Most of the time, doctors are the ones with answers. But when this baby fell ill, answers were hard to come by.
Doctors assured Emma Bayly that her newborn was perfectly healthy. Instinct, however, told her that something was wrong with her child. Luckily, she acted upon that instinct. Had she not, there’s no knowing where her daughter might be today.
Just not right
Abigail was born full term at 3.1kg and, apart from some jaundice, was perfectly healthy at the time. Seven weeks into her little life she started vomiting excessively, and was soon losing more fluid than she was taking in.“We thought nothing of it she just kept vomiting...”
Numerous trips to the emergency room saw Abigail diagnosed with infant reflux time and again. But regular reflux medication wasn’t helping and Emma knew that something wasn’t right. At first, tried treating Abigail with prescribed medication and different feeding techniques.
“But she just kept vomiting,” shrugs Emma. “At four months she was at her birth weight again.”
Stuck in a vicious circle
Abigail soon became limp, frail and severely dehydrated. At eight weeks she developed breathing problems and, even then, no diagnosis was made. She was admitted to hospital several times undergoing a variety of diagnostic tests including sonars, blood tests, a gastroscopy and a bile biopsy, among others.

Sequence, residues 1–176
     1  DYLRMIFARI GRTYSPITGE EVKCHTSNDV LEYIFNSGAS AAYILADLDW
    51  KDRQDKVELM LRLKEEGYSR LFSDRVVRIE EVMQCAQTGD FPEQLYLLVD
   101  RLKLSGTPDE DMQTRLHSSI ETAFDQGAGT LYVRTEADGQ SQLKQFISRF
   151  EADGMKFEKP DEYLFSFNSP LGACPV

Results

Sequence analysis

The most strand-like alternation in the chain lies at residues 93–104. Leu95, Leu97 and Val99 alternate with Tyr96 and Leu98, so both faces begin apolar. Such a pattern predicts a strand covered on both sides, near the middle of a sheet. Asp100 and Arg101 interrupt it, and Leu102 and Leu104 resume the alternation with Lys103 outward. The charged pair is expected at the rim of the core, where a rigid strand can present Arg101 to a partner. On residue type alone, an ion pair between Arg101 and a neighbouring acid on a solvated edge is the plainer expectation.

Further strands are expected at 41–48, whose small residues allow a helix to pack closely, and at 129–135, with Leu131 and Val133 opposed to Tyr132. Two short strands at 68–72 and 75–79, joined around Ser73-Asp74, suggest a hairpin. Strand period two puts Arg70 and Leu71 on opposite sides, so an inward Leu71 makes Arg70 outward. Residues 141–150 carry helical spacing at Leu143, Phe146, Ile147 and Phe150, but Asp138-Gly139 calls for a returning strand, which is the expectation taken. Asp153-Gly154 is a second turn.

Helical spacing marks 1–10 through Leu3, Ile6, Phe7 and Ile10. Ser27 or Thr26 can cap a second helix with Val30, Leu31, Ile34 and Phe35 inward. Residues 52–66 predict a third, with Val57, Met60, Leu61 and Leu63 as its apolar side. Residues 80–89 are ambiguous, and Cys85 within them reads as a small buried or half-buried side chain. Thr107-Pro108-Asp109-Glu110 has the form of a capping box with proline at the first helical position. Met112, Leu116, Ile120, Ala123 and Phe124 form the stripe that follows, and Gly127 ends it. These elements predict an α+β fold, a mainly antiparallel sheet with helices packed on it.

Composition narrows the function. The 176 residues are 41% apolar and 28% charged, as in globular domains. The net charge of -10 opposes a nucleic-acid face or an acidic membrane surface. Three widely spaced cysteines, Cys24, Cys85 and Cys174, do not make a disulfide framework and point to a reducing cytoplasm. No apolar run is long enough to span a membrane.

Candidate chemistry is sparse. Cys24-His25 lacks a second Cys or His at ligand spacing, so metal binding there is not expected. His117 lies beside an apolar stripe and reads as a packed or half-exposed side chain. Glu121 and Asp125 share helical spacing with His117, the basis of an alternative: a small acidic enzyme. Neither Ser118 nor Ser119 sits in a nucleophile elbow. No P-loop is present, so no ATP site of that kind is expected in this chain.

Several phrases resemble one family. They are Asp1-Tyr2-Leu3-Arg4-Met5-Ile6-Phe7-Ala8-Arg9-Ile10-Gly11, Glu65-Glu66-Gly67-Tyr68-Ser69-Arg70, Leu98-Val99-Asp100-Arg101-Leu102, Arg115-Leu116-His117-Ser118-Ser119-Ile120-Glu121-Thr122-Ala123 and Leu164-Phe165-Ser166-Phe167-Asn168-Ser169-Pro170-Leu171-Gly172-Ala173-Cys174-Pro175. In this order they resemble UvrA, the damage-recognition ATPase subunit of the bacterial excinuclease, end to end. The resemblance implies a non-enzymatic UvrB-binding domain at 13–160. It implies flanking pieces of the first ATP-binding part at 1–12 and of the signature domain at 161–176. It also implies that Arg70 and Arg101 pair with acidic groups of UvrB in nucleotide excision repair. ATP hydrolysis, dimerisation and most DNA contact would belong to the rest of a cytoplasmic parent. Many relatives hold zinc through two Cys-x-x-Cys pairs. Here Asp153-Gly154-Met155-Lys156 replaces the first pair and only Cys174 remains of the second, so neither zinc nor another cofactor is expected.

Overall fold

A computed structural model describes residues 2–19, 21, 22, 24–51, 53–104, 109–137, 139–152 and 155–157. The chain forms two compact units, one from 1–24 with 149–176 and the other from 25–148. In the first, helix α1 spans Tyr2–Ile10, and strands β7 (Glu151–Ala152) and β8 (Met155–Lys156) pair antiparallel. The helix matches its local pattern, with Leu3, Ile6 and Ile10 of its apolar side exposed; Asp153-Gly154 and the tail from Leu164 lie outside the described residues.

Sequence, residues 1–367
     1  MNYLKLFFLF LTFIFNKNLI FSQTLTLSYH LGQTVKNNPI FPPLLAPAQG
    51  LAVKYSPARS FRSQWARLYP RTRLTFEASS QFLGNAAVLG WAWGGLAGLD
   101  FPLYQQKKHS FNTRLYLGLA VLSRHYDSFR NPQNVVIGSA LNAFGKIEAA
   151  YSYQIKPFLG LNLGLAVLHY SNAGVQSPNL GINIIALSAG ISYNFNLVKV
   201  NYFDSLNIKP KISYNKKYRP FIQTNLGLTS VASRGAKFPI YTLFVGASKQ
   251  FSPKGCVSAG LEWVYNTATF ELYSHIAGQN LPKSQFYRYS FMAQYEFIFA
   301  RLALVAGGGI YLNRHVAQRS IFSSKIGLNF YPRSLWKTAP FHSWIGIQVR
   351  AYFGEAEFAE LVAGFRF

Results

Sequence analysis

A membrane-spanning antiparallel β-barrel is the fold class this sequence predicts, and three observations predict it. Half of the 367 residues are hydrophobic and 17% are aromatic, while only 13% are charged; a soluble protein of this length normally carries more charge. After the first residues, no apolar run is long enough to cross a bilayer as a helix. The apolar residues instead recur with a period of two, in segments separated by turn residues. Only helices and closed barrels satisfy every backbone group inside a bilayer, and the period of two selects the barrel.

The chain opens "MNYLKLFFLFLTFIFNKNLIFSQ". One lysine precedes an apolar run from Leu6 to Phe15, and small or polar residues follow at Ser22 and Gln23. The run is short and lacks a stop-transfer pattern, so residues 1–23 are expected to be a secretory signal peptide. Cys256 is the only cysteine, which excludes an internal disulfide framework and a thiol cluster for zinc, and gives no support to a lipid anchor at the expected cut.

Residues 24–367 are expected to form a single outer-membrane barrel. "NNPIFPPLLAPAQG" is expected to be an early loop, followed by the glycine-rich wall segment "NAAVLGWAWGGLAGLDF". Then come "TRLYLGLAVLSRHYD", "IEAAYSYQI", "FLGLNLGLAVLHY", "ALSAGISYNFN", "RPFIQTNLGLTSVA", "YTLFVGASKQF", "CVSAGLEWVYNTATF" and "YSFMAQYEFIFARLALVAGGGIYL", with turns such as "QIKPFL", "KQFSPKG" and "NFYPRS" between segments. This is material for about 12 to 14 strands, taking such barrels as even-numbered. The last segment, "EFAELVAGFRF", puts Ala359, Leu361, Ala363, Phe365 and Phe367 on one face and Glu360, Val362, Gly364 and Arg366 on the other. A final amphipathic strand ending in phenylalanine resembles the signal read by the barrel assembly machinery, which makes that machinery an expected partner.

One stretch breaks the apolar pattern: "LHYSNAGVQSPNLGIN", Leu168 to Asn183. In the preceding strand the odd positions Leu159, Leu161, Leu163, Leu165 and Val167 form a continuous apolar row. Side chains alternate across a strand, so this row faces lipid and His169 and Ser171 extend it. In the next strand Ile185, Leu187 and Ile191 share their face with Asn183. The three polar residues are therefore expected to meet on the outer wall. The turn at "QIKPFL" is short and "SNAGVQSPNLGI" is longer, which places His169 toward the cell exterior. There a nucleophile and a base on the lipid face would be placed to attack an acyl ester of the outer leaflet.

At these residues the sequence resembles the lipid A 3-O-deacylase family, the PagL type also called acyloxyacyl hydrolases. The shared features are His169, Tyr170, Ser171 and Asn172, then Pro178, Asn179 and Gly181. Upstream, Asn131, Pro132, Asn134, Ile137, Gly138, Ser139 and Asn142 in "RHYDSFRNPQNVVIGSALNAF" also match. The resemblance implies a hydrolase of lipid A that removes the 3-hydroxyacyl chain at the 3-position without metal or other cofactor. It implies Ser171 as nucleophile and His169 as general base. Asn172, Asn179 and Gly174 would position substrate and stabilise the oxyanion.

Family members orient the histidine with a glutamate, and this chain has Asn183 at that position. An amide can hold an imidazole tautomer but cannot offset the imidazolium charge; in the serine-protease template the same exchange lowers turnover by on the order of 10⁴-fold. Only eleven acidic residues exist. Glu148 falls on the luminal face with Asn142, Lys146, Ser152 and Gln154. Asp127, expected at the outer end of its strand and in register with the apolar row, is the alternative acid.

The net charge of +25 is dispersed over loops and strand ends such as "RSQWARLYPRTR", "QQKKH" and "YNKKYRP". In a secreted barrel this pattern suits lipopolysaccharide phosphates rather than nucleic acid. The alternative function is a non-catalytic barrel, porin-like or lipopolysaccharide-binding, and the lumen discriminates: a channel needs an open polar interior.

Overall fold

“They just tried everything,” says Emma. “We all spent that time running around like chickens with their heads cut off trying to gure out what was going on.” And the tests revealed nothing.
Doctors referred Emma and her family to a gastroenterologist who diagnosed Abigail with reflux – yet again – and sent her home. Within a month, they were back. Abby had developed bronchiolitis.
“She was discharged on Friday and back the very next Monday,” recalls Emma. “That time, the diagnosis was ‘lactose intolerance’.” But after changing to a lactose-free formula, Abigail continued
to vomit and Emma decided to take action. “She was not eating at all and we were not getting anywhere,” she says.
At that point, Emma’s daughter had been in and out of hospital six times. Abigail had, in fact, spent more time in hospital than she had spent at home. Doctors had given up, convinced that Emma was just being hysterical.
“I ended up taking her to the emergency room so many times because it was the only way I could get them to listen,” says Emma. “And that’s when we decided to change hospitals.”
When they did, Abigail was admitted immediately. Finally, after six months of painful and traumatic diagnostic tests that failed to yield any sort of results, Abigail’s new doctor diagnosed her with
gastroesophageal reflux disease, also known as GERD.
A bit worse for wear
A condition far worse than simple infant reflux, GERD is a chronic disease in which the acidic contents of the stomach push up and out of a child’s oesophagus.
There are multiple causes of the disease, but in Abigail’s case her persistent vomiting was as a result of a weak lower oesophageal sphincter, which is the valve between her stomach and her throat. Abigail’s bowel had become damaged and swollen, and she had developed oesophagitis (inflammation of the thoat) because of the aggravated reflux she was experiencing.
She also suffered from bronchiolitis, a direct result of GERD, due to the acid from her stomach making its way into her windpipe. “Her lungs were starting to shrink,” says Emma. “They had gotten